How to Stay Flexible
With that said, here is my parting advice on avoiding anchors in your life. I have seen these to be big anchors that hinder people from seizing great opportunities that are presented to them.
1) Debt = Work hard to stay out of debt. The more debt you have the less flexible you are and the less options available to you.
2) Geography = Early in your career don’t lock yourself into a location. Be willing to move often to take new jobs and advance within your company or industry. Being flexible so you can move is a key to advance in this economy.
3) Mortgages = Be careful when you do decide to buy a home…this can be a very big anchor in your life. If you do things right this will not be an anchor. Your mentor can help you with one.
4) Lack of Long-term plan = If you are married have an understanding with your spouse on what level of flexibility and risk taking you both feel is okay for your family. Both partners need to be on the same page. Have a plan and be working on it together!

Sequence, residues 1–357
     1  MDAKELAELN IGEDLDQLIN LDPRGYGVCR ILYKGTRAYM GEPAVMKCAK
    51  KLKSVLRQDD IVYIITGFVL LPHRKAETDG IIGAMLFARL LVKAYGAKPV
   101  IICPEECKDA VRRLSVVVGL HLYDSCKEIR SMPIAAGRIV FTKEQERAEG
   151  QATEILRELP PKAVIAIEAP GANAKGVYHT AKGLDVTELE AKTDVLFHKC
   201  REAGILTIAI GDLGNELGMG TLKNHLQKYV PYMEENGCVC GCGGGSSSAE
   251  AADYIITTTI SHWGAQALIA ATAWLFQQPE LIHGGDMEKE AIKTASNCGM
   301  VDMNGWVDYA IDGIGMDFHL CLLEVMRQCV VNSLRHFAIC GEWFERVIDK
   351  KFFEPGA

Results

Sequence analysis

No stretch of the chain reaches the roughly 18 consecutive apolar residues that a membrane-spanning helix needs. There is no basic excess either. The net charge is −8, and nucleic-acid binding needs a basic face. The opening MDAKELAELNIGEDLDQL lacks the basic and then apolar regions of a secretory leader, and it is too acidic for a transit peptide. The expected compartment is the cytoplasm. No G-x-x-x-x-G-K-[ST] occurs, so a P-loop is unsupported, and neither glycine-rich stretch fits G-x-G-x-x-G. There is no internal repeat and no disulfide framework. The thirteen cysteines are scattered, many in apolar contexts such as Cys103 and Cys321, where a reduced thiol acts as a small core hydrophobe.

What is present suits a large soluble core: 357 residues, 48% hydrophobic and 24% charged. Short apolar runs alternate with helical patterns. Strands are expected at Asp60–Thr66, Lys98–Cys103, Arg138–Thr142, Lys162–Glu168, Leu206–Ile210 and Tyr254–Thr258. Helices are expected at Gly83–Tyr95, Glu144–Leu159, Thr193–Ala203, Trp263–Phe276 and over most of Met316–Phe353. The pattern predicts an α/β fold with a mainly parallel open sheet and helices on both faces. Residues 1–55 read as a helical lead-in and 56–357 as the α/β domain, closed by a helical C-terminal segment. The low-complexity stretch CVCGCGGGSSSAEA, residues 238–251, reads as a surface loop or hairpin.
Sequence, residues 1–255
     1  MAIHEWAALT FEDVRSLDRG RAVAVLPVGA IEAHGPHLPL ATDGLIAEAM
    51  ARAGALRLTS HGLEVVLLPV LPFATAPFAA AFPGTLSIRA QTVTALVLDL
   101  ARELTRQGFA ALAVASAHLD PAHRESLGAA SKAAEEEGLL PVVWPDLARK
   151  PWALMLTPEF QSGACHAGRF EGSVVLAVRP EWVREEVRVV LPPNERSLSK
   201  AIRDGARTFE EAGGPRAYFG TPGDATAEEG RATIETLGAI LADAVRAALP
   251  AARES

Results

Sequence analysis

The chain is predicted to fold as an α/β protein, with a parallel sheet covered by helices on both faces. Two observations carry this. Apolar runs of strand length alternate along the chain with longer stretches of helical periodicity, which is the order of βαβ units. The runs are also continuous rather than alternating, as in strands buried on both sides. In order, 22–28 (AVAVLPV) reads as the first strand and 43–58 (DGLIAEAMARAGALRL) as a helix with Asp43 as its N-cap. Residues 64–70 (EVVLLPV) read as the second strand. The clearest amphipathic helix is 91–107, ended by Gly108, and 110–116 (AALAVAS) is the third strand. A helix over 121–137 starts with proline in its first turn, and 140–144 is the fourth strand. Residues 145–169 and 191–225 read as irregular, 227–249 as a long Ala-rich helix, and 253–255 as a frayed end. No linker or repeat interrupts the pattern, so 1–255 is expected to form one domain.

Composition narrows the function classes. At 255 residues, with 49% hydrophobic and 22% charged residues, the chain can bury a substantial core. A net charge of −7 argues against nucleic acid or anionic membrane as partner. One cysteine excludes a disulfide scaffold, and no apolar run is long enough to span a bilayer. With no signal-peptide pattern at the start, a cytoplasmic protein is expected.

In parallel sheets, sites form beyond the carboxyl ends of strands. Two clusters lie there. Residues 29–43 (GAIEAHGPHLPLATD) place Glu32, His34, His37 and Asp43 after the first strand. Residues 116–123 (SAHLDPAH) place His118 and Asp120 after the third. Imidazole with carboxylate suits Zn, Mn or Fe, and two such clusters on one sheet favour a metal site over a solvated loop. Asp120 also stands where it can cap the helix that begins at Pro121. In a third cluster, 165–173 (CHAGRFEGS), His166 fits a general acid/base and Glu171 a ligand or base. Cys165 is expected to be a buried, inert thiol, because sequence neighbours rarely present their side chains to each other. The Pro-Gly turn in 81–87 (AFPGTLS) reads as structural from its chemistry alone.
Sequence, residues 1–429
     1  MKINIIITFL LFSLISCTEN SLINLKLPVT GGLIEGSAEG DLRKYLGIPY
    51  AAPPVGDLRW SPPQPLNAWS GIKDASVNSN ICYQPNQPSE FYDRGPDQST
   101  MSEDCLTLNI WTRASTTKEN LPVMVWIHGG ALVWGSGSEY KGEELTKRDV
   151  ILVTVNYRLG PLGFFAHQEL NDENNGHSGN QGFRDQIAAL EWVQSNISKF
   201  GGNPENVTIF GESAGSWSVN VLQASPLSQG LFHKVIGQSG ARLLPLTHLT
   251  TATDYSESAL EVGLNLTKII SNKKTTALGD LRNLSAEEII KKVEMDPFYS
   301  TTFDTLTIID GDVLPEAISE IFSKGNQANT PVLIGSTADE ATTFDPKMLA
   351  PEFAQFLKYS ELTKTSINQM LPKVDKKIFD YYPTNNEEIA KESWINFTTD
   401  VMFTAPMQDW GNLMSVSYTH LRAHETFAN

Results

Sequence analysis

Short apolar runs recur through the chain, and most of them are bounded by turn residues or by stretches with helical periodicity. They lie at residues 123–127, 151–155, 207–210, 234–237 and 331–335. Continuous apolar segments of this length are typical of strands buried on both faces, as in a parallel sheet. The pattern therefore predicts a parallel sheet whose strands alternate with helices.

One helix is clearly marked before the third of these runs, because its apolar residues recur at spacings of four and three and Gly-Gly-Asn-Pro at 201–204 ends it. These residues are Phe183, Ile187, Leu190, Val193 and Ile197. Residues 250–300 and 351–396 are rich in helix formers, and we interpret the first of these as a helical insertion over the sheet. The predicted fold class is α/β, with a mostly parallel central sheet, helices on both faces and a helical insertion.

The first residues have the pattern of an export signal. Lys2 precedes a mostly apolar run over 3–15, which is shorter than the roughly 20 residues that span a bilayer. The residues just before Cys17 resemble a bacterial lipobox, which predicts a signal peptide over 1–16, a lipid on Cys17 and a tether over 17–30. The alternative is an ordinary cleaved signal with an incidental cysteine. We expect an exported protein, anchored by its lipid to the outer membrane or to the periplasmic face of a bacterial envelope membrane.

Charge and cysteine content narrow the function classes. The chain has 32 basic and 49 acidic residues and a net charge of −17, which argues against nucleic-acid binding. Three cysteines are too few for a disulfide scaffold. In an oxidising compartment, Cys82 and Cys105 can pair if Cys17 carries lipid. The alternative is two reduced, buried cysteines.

5) Lack of Liquidity = Maintain a cash reserve. In business they say “Cash is king” and in your life “Cash equals flexibility.”
Start with self-awareness about your skills, passions, and goals. Then avoid anchors to help you as you start your career as well as help you transition and progress throughout your career. There is nothing I enjoy more than seeing someone operate within their sweet spot, being passionate about what they do, and helping others do the same.
A Great Example
The best example I have to offer is my friend Jeremie Kubicek who is the Founder of Giant Impact. Jeremie operated for years as the CEO of Giant Impact but he realized his passion was teaching and inspiring others and he wanted to do more of that. He recently sold everything he had and moved his family to London to start a new division in the company that helps executives and leaders maximize their potential. His keen understanding of his gifts and passions combined with his flexibility and alignment with his wife and children has allowed him to embark on an incredible journey and he is impacting world leaders right now because of it. As you take The Leap at the beginning of your career or later in life he is a great role model to inspire all of us.